Monday, June 7, 2010

Jake Shears: Scissor Sisters



When Scissor Sisters first burst forth with their debut self-titled filthy gorgeous album in 2004 their brand of hedonistic dance was too hot for mainstream America to handle (the CD was even pulled from Wal-Mart's shelves). It was a different story across the Atlantic in the U.K. however, where the band were welcomed with open arms - and notable record sales. There the release spawned a total of five Top 20 singles, and became the country's top-selling album that year (and the 9th biggest seller of the decade). The band's follow up full-length, Ta-Dah, released in 2006, also fared much better outside of the U.S. It went straight to the top of the U.K. album charts, and the first single, "I Don't Feel Like Dancin'"(a collaboration with Elton John), also hit the number one spot - and stayed there for four consecutive weeks.


The wide chasm in reception and record sales between the two continents - the Scissor Sisters' first two albums each sold in excess of 3 million units across Europe - can easily be explained when looked at in the context of cultural attitudes. The more liberal Europeans have been dancing continuously since the '70s and dance-based music is ingrained in the fabric of European life. In America however, seizing on the opportunity afforded by AIDS, the disproportionately influential Christian right whipped up a frenzy of anti-dance "disco sucks" hysteria, stopping the party in its tracks and creating a deep-seated prejudice against the genre as a whole that remains prevalent to this day in significant pockets of society.


However mainstream America has started to loosen up, shake its collective booty and dance again. The success of European-produced tracks from the likes of Madonna (who enlisted William Orbit for Ray of Light and Stuart Price for Confessions on a Dance Floor) and Britney Spears (who prominently featured Bloodshy & Avant's production talents on her past two albums) has brought the dance aesthetic back to the mainstream, and paved the way for 100% domestic-raised spawn of disco to return to the fore.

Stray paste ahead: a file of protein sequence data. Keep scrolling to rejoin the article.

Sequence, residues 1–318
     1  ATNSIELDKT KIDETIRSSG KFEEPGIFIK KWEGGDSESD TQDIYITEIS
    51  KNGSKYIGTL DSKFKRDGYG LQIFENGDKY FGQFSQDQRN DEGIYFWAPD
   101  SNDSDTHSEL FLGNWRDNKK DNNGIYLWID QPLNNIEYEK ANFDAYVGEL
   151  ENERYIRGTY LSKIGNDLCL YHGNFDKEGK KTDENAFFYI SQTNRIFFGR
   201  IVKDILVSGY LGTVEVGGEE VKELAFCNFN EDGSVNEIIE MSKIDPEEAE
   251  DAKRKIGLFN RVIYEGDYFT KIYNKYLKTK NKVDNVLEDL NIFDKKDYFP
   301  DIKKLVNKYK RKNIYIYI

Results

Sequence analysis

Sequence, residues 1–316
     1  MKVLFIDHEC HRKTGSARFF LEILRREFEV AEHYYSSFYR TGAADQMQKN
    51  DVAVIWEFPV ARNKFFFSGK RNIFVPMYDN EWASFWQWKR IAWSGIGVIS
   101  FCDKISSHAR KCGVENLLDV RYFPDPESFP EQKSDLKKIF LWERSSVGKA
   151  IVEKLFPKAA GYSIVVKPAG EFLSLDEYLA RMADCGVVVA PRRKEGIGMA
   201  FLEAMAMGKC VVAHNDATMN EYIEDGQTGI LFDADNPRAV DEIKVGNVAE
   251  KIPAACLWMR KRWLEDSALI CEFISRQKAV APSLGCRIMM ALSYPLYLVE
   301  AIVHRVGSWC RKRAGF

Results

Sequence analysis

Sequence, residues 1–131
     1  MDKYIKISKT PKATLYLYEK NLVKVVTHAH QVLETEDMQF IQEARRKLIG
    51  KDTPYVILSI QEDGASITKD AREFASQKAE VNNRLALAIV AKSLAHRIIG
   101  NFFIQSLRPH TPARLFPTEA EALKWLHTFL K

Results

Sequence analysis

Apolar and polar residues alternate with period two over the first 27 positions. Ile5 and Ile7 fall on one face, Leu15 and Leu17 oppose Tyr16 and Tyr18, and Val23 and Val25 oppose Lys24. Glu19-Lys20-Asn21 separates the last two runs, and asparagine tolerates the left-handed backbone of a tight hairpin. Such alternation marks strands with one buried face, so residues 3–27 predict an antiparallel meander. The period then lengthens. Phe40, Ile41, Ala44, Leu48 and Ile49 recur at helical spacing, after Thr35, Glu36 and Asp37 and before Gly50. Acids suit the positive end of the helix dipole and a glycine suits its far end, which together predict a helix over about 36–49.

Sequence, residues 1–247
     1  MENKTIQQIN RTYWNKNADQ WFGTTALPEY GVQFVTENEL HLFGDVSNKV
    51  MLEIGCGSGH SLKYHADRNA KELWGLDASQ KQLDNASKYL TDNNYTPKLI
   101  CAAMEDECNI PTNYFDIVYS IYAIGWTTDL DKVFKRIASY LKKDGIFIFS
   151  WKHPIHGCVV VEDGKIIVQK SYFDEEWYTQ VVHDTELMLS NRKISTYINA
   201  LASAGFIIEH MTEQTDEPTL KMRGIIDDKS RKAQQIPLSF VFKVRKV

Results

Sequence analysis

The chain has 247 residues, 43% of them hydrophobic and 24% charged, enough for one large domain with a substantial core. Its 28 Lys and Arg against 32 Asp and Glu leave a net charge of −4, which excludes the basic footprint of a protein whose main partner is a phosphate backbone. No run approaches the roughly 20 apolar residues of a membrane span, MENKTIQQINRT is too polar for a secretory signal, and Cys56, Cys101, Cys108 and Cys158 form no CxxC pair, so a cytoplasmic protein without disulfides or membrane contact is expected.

So as Scissor Sisters prepare to step back on the dance floor with their much-anticipated third album, Night Work, the mirrored ball is at least proverbially spinning above middle-American heads. Though this bodes well in many respects, it does pose a new set of dilemmas for the band. Previously, against a background of overbearing earnestness as practiced by a generation of shoe-gazing indie bands, their tongue-in-cheek flamboyance seemed refreshing. Now, their once unique style has become de rigueur in pop culture thanks to the Scissor Sisters-influenced and much-imitated House of Gaga. Hence, to stay ahead of the pack, they’ve been forced to switch things up visually and musically.


I caught up with Scissor Sisters' frontman, founder and driving force, Jake Shears, to talk about Night Work, what inspired it, where his party is headed, and what he'll be wearing to it.


Read my exclusive interview with Jake Shears at SuicideGirls.com.

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